Fatsia japonica, also glossy-leaf paper plant, fatsi, paperplant, false castor oil plant, or Japanese aralia, is a species of flowering plant in the family Araliaceae, native to southern Japan and southern Korea.
It is an evergreen shrub growing to 1–5 m tall, with stout, sparsely branched stems. The leaves are spirally-arranged, large, 20–40 cm in width and on a petiole up to 50 cm long, leathery, palmately lobed, with 7–9 broad lobes, divided to half or two-thirds of the way to the base of the leaf; the lobes are edged with coarse, blunt teeth. The flowers are small, white, borne in dense terminal compound umbels in late autumn or early winter, followed by small black fruit in spring.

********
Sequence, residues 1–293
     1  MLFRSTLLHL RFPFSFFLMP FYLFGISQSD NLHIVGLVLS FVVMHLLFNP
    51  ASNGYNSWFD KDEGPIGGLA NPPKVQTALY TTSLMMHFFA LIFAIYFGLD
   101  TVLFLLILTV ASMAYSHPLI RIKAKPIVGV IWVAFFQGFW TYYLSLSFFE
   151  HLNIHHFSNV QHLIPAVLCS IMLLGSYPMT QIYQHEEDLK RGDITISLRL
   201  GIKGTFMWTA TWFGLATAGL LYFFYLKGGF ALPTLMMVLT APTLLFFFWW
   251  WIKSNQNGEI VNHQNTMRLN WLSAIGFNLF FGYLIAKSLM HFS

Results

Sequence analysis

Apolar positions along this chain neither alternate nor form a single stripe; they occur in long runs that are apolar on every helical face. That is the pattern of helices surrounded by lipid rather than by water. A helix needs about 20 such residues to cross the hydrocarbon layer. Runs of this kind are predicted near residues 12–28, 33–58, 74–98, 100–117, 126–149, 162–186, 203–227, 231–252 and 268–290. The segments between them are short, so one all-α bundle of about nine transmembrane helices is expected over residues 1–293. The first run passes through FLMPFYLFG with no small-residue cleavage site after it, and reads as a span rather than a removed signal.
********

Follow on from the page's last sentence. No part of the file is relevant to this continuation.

It is commonly grown as an ornamental plant in warm temperate regions where winters do not fall below about −15 °C. F. japonica thrives in semi-shade to full-shade and is winter hardy in USDA Zones 8–10. It can be grown as an indoor plant and has been shown to effectively remove gaseous formaldehyde from indoor air. This plant and its cultivar F. japonica 'Variegata' have gained the Royal Horticultural Society's Award of Garden Merit.
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